Archaeology of Xunantunich

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altData from excavations at Xunantunich suggest it was successful in the Terminal Classic (A.D. 750-900) Period, about the time of the “Maya collapse”.  At this same time, Tikal, about 32 miles away, was already abandoned. Xunantunich has been studied for about 100 years beginning with Thomas Gann in the 1890’s. In 1904 Teobert Mahler of the Peabody Museum of Harvard University took photos and began a plan for Xunantunich. In 1924 Gann examined and removed burial goods and carved hieroglyphics. It is said that Gann used dynamite to carry out his “investigations”. In 1938 archaeologist J. Eric Thompson excavated Group B – a Middle Classic residential area. In 1952-53 Michael Stewart uncovered burials and caches and these were “donated” to the Cambridge University Museum and the Museum of Volkerkunde in Hamburg, Germany. Euan Mackie, of the Cambridge University Expedition, carried out further excavations to be followed by A.H. Anderson and Peter Schmidt who excavated and consolidated various structures.

The most intensive project at the site was conducted by Dr. Richard Leventhal of U.C.L.A and Dr. Wendy Ashmore of the University of Pennsylvania . Work at Xunantunich had two primary goals:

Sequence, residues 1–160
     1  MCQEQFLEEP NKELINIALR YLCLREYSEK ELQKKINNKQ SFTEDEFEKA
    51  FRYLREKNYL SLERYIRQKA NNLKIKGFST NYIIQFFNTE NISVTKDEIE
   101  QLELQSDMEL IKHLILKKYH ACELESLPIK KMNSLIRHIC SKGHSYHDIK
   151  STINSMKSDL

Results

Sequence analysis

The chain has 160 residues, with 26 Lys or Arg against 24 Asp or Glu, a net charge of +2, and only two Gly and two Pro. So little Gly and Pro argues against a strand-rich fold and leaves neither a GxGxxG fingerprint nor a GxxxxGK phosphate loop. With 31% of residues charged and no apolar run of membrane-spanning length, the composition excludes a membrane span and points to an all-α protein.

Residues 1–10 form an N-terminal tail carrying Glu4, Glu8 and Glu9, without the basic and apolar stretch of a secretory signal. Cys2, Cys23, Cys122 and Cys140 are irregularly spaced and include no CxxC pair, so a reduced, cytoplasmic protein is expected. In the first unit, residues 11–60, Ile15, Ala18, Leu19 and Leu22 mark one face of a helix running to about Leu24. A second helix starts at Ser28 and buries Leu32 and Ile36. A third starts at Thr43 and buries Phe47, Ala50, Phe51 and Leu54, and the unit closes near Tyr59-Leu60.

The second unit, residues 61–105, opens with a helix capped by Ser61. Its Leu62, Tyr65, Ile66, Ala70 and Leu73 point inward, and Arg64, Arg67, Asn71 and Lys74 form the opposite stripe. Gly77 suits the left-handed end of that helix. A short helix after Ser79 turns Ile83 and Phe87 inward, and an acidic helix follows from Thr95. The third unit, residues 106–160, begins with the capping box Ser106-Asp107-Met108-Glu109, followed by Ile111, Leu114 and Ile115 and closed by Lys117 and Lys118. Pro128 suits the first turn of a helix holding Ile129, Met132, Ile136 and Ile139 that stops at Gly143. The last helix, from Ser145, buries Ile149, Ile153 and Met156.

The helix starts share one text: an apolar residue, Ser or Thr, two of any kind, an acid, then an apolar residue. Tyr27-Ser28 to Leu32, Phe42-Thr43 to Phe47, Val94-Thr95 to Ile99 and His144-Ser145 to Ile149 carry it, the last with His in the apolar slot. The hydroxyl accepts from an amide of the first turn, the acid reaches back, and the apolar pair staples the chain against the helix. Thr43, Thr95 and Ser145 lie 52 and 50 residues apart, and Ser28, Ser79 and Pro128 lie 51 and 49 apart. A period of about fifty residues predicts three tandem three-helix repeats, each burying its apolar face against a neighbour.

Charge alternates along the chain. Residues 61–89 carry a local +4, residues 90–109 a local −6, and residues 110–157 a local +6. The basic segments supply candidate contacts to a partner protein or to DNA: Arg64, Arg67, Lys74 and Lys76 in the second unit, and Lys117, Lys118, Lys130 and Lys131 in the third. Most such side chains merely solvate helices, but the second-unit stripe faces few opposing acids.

1. to determine the socio-political development of this Maya city, and
  2. to develop the site as a tourist destination.
During the 1992 and 1993 seasons, further expansions of Xunantunich and surrounding areas were made.  Three sacbes or ancient Maya causeways were identified within the central part of ancient, downtown Xunantunich. More mapping of a secondary center at Actuncan continued. This southern site includes a series of plazas, buildings and a ballcourt. Knowledge about Xunantunich, its size, and potential importance continues to grow.

Excavations were also carried out on the west side of El Castillo. These excavations revealed a monumental plaster frieze with skyland frames frequently associated with accession. There is a three dimensional seated figure flanked by leaf-like elements terminating in knots. A seated figure, probably a ruler, wears elaborate knotted anklets. There is another figure in a dancing position clutching at ropes. These ropes are identified as birth ropes which extend from a house beam which women hold while giving birth. Other excavations focused on the outlying elite residential plaza Group D. Here, a sacbe running from Group D north was found. Much consolidation work is being carried out at Xunantunich on the north side of Structure A-1. Experts in consolidation were brought in from Mexico INAH to preserve the plaster frieze uncovered on the west side of El Castillo.

Two major tourist-related changes were completed in 1993. These changes were
  1. Creation of a visitor’s center and monument building (to house four carved stelae).
  2. The conservation of Structure A-1 in the main plaza, as well as the preservation of the west frieze.